One of those students was Hugo Trevino, who developed his passion for international travel while an undergraduate student at the University of Illinois at Urbana-Champaign.
It was typical for Jennifer Smith* to meander through different wards of the nearby hospital in Ghana where she volunteered after the day’s classes. But on one less-than-typical day, in the children’s ward, she saw her post-college plans snap into focus where they had once been hazy.
Once he made the decision to go, traveling from the United States to the United Kingdom for graduate study in technology policy seemed fairly straightforward for Paul Monroe – until it came time to figure out how two different health systems would cover the same (expensive!) treatments he used back home in Pittsburgh, Pennsylvania.
Navigating local educational institutions, health care systems, or border customs are not always easy to understand. Differences in treatments, rules about importing medications, and varying definitions of disability can compound the confusion.
Halyna Kurylo applied to the U.S. Department of State-sponsored Global Undergraduate Exchange Program (Global UGRAD) program twice. After not getting selected the first time, Halyna, who was severely underweight at 80 pounds, went into treatment realizing that her eating disorder was limiting what she wanted to do.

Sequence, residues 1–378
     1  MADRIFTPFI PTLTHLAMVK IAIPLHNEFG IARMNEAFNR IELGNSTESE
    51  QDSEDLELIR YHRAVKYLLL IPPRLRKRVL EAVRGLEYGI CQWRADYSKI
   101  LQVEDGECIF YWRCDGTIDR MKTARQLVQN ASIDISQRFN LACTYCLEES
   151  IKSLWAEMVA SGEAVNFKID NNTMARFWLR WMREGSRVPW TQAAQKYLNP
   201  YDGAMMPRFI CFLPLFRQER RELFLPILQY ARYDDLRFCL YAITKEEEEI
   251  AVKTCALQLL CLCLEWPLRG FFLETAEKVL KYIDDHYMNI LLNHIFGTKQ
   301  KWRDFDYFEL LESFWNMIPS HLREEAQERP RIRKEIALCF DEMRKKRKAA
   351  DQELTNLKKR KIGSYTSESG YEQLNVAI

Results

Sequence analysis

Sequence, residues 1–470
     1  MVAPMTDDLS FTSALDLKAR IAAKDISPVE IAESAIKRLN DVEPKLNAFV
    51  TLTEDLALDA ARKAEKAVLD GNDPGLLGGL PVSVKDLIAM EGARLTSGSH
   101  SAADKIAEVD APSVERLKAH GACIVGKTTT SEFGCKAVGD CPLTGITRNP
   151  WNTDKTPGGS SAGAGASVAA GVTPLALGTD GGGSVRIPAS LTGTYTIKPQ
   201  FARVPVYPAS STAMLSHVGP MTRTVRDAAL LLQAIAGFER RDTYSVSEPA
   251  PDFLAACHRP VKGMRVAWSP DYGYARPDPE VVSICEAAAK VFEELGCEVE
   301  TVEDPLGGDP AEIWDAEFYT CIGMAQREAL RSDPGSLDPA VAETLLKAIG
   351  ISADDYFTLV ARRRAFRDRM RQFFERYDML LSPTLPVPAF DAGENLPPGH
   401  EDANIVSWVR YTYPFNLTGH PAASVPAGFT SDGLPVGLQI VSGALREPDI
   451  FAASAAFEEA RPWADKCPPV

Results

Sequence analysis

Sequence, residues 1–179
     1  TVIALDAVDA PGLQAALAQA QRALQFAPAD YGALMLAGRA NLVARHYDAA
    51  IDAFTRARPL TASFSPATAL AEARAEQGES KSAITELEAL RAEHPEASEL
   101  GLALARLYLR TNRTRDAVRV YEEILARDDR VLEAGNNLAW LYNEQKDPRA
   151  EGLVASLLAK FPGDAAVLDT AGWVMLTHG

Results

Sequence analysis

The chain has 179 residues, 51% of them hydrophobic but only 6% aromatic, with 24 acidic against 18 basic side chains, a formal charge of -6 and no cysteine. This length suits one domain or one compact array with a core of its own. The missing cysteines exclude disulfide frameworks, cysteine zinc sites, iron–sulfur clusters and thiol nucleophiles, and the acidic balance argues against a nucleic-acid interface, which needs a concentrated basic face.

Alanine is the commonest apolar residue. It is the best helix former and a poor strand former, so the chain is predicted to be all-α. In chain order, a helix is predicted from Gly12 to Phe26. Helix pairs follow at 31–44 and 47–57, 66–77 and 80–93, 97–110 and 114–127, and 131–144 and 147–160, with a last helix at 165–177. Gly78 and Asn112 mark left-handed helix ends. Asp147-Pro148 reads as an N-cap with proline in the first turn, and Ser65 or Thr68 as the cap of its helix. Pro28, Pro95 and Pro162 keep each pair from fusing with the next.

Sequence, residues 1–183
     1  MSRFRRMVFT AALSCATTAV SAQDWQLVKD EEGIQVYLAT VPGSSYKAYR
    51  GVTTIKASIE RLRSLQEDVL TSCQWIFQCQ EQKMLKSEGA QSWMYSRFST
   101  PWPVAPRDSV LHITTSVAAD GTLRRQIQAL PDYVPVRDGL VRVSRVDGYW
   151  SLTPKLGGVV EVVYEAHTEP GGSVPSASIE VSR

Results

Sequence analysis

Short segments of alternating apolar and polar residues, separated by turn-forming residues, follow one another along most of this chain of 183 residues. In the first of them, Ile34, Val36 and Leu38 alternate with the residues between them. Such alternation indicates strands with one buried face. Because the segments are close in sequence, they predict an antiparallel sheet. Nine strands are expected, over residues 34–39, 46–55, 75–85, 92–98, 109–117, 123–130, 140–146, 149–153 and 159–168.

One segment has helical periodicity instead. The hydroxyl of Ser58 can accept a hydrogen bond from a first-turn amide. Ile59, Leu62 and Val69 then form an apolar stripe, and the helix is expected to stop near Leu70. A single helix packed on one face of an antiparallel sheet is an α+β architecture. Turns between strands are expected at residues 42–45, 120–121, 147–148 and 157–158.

In the cafeteria lunch line of the Cité Scolaire Albert Camus, I stood between two high school teachers and a small group of giggling junior high girls who recognized me as “elle,” or “her”— the American girl who was spending a year as an English language assistant. Shyly, one of the girls dared to test out her English skills, and tentatively offered a greeting, “Hello?”
With a deep-fried scorpion staring at me from the end of my chopsticks, I couldn't help but think how this delicacy in China would stump even my best diabetes doctors in the United States. How much insulin does my body require for a scorpion?!
In Italy, my friend Neika always did the haggling for me. Left to my own devices, the shopkeepers would have taken me for thousands. She was skilled at bargaining and probably the reason I came home with so many delightful souvenirs and jewelry from Venice.
It is not just with bargaining that I have trouble “putting myself out there.” Despite my tendency to shy away from things, I have always had very big plans for myself. Early in high school, I realized that I wanted to travel extensively, earn a PhD degree, and live an adventurous life.
University student Emily Block has circumvented the globe, hiked in the Amazon, touched a wild cheetah, and danced through Ghana.
Years earlier, when Emily was first diagnosed with a rare chronic illness, such experiences seemed out of reach. Today, it's impossible for Emily to imagine a life without international travel.
"Fourteen countries later, I know that being disabled doesn't mean I have to give up on my dreams."